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Friday 22 September 2023 Dublin: 14°C
Leah Farrell/
# Data Protection
'I would have the legs cut off me': Doherty says she won't release PSC report until she's given go-ahead
Minister Regina Doherty clashed with Mick Wallace over the Public Services Card earlier this week.

MINISTER FOR SOCIAL Protection Regina Doherty has said that her department will not be publishing a report on the Public Services Card (PSC), until it is given permission to do so by the Data Protection Commissioner (DPC). 

She told the Dáil this week she’d have the “legs cut off” her if she went against the “clear instructions” from the DPC not to release the report which examines whether the State’s identity card and related systems fully comply with Irish law.

A Freedom of Information request submitted by the Irish Council for Civil Liberties for a copy of the report was earlier refused because it “may be contrary to public interest”.

The PSC has been a consistent source of controversy for the government in recent years, with data protection concerns highlighted. Last week, reported that a woman was reduced to tears when asked for her adoption cert when applying for the card.

It can be used to access a range of public services and people who apply for or receive social welfare payments are required to register for one. In 2018, it was announced that the card would be a mandatory requirement for those seeking a driver theory test – a stance that was later reversed.

Independents4Change TD Mick Wallace asked Doherty questions about the PSC in the Dáil this week.

He began by noting that the DPC had looked into a wide range of issues to do with the card, and asked the minister to commit to publishing the full and final report on the card irrespective of the outcome of the DPC’s investigation.

Doherty replied that the DPC had provided a draft report on public services card in late August 2018.

“The draft report requested further information and clarification from us in a broad range of areas, but – it is a big but – the commissioner specifically instructed us not to discuss or disclose the draft report to any other party,” she said. “We will respect that request.”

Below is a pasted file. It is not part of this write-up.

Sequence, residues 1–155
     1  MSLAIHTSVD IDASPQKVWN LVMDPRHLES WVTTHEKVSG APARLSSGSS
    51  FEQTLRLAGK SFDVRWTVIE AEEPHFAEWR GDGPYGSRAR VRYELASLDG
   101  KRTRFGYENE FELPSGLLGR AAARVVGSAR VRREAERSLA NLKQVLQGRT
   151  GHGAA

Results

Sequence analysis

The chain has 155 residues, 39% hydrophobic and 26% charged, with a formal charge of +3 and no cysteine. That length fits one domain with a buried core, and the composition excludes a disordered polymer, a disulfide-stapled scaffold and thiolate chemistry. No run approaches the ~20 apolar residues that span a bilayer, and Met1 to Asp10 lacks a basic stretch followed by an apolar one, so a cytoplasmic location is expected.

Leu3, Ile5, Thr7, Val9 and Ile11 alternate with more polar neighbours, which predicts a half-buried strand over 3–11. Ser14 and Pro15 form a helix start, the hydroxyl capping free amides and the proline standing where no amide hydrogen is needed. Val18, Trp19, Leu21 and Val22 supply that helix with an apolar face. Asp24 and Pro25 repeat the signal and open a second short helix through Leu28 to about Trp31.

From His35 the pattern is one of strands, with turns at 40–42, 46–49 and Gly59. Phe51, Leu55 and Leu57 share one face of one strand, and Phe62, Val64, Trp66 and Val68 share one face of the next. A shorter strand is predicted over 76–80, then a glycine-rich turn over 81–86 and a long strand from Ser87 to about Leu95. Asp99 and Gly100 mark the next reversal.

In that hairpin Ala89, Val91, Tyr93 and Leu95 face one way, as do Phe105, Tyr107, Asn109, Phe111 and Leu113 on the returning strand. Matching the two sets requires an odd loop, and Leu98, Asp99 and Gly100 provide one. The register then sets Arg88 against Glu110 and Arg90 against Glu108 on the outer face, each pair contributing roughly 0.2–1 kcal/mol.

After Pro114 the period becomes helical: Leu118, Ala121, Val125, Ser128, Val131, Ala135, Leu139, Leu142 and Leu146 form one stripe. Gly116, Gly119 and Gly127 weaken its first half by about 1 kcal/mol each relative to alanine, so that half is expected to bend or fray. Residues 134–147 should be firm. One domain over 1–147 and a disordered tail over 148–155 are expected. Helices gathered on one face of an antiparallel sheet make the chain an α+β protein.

The minister said she was, as a result, in no position to provide an assurance that the draft report would be issued by her department at any stage, adding “I must do what I am told”. 

Wallace said that it was “amazing” that the Department of Social Protection’s response to the DPC’s report required such a “protracted, extended defence”.

Doherty reiterated: “As I said to the Deputy, publication of the report is now entirely a matter for the Office of the Data Protection Commissioner, given that it has given us clear instructions that we are not to discuss or disclose the draft report.

I would have the legs cut off me were I not to do what I have been asked to do by it, particularly in the light of the investigation and the sensitivity attached to it.

The minister said that her department replied to the DPC in November, and is awaiting a response. No further update will be provided on this until the DPC reverts back to the Department of Social Protection. 

The issue of damage done to legs reappeared later in the debate, as Wallace pressed Doherty on the “optionality” of the card.

“There are 3.2 million people in the country who have public services cards as a result of having undergone the SAFE 2 process, yet none of them has broken legs,” she said. “We did not coerce anybody and nobody is being made to do anything.”

Wallace pressed Doherty on whether anyone had had a social welfare payment denied to them if they refused to use a PSC.

On two occasions, the minister said no. 

However, in a later written parliamentary question, Doherty advised that her department does not collect data on the number of individuals who currently – or at any point in time – were refused a payment because they hadn’t undergone the process required to get a PSC.

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